Friday 18 October 2019

Tony Ward: They didn't win but Munster produced the outstanding Champions Cup display of the three Irish provinces


Munster's Joey Carbery. Photo: Brendan Moran/Sportsfile
Munster's Joey Carbery. Photo: Brendan Moran/Sportsfile
Tony Ward

Tony Ward

In the Anglo-Irish war of the opening weekend, like most, I felt Leinster at home to Wasps was a banker, and like some I saw Ulster in Belfast against Leicester as a genuine opportunity.

However, I felt even if Chris Cloete were to be at his ruck-scavenging best that for Munster to come back from Devon with even a losing bonus would prove an obstacle too high.

The essential ingredient to compete with one of the two best clubs in the English Premiership (Saracens being the other), and by extension two of the most obvious pretenders to Leinster's European crown, would be a return to a performance that resembled those from days of yore.

Leinster were untouchable in Dublin 4 on Friday night, with Ulster dogged and gutsy in the Kingspan 24 hours on.

However, in between came the outstanding Champions Cup performance of the Irish three, even though they were the only province not to win.

What we got was a Munster side back in the zone, with Peter O'Mahony 'pure mule'.

The captain has had better games in terms of the individual components to his considerable make-up, but for the level-headed leadership he displayed when it was most needed this was up there with Mick Galwey and Paul O'Connell in their pomp.

There is a significantly hard edge to the first-choice pack, with the strength in depth in reserve at least on a par with anything that has gone before.

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At Sandy Park Johann van Graan unleashed replacement forwards James Cronin, Rhys Marshall, John Ryan, Billy Holland and Tommy O'Donnell. That is a formidable line-up and collectively stronger than any Munster bench I can recall.

And if O'Mahony was the leader supreme then Tadhg Beirne wasn't far behind.

The former Scarlets man is already widely accepted as the IRFU's signing of the summer, with Munster the main beneficiary.

He has the potential to develop with Jean Kleyn into a second-row combination akin to O'Connell and Donncha O'Callaghan.

From Dave Kilcoyne to CJ Stander, who was also superb in Exeter, Munster have a forward unit on a par with any in Europe and yes, that includes Leinster.

The challenge is in matching that behind and here they have some way to go. That said, on Saturday both halves were very good. Duncan Williams did the simple things well, bringing a greater urgency to clearing ruck ball - by hand or foot.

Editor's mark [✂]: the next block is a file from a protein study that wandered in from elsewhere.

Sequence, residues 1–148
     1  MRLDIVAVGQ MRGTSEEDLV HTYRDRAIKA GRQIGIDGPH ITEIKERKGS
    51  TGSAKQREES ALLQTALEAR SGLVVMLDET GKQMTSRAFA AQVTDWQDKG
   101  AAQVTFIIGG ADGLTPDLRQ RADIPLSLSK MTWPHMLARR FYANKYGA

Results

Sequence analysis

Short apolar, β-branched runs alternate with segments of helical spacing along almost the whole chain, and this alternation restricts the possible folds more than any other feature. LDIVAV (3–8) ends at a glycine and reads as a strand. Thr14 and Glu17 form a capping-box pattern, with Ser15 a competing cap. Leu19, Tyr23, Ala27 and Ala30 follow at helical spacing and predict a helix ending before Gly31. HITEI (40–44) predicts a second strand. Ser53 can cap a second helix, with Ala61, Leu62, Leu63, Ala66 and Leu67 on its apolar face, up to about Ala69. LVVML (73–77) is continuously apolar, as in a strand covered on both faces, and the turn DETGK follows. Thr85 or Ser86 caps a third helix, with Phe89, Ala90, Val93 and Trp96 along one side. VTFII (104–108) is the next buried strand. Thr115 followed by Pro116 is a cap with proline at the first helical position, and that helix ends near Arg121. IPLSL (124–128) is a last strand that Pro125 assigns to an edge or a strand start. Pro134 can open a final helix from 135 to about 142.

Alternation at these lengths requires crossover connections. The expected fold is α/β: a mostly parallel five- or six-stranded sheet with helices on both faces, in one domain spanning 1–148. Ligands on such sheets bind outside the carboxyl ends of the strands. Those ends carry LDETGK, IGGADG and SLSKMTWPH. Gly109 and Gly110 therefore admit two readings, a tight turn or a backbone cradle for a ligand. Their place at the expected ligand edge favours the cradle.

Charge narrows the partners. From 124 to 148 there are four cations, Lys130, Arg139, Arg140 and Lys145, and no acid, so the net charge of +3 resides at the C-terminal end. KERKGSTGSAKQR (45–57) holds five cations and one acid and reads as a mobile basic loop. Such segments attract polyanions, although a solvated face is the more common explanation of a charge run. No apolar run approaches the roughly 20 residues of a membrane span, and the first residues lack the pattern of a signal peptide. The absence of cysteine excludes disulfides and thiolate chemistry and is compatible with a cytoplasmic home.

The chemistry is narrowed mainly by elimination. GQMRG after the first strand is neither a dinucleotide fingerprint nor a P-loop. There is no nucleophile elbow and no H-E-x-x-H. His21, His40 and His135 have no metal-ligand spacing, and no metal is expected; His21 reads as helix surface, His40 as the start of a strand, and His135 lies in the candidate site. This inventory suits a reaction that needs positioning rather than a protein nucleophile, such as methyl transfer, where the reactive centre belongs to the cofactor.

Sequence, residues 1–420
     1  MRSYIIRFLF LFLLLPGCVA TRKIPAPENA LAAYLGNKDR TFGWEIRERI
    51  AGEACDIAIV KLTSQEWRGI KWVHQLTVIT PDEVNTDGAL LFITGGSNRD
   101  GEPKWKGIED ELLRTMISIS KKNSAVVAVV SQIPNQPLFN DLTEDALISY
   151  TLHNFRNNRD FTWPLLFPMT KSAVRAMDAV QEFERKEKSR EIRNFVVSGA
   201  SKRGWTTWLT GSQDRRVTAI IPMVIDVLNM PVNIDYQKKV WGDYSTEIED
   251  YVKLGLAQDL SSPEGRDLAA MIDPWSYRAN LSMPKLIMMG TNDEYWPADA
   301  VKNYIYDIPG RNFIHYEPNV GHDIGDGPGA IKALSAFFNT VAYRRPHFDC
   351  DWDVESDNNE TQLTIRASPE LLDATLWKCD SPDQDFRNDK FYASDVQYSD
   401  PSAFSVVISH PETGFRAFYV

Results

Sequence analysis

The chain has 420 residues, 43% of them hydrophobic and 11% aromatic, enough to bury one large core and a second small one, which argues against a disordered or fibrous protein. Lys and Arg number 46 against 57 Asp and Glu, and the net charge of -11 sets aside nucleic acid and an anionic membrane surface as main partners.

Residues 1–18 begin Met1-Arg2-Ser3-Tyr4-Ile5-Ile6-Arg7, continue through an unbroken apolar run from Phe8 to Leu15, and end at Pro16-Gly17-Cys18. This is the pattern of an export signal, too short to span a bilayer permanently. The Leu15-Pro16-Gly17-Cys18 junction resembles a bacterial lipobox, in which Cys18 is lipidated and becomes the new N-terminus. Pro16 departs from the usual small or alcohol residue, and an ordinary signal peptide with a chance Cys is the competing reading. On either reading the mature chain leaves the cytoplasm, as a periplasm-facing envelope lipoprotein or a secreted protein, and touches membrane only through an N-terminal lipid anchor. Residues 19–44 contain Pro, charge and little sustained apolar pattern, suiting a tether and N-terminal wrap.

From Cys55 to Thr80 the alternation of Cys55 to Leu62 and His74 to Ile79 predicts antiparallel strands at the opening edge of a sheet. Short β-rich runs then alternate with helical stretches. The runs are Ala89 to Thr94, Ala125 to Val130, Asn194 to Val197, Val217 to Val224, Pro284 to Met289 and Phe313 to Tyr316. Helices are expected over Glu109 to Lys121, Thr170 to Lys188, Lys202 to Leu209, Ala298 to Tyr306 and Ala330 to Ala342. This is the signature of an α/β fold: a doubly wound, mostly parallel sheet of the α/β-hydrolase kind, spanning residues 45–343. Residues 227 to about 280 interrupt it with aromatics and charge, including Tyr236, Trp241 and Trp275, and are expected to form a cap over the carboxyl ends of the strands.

Joey Carbery continues to make progress through small steps. He produced the occasional misjudged kick in difficult conditions but it is already clear that his confidence as an out-and-out, string-pulling 10 is growing.

I would appeal to Van Graan and Joe Schmidt to allow the new Munster out-half to play in every game he possibly can.

Resting him for the sake of resting should not be an option unless the player himself requests a break.

As regards the Ireland head coach and the internationals next month, I don't know how he is going to pick his back five forwards.

The make-up of the back-row is already a logistical nightmare and added to that he must also pair two from James Ryan, Devin Toner, Iain Henderson and Beirne. Rather him than me.

We now have our strongest squad of Test-standard players ever.

Dan Goggin and Rory Scannell showed up well in Exeter and with Chris Farrell still to return to the mix, along with Sam Arnold in reserve, the midfield possibilities are there.

They are defensively solid irrespective of the combination but still way off the standard required in attacking terms if they are to challenge for silverware.

As for Leinster? We'll not lose the run of ourselves just yet and Sunday in Toulouse brings a more realistic challenge, but what was delivered against Wasps was as close to Total Rugby that we've seen from an Irish team at any level.

I know Leo Cullen and Stuart Lancaster won't thank me for saying that but they demolished the two-time previous winners in every aspect.

The Irish moment of a most encouraging opening weekend was Tadhg Furlong's creative role in Luke McGrath's second try. Brian O'Driscoll eat your heart out.

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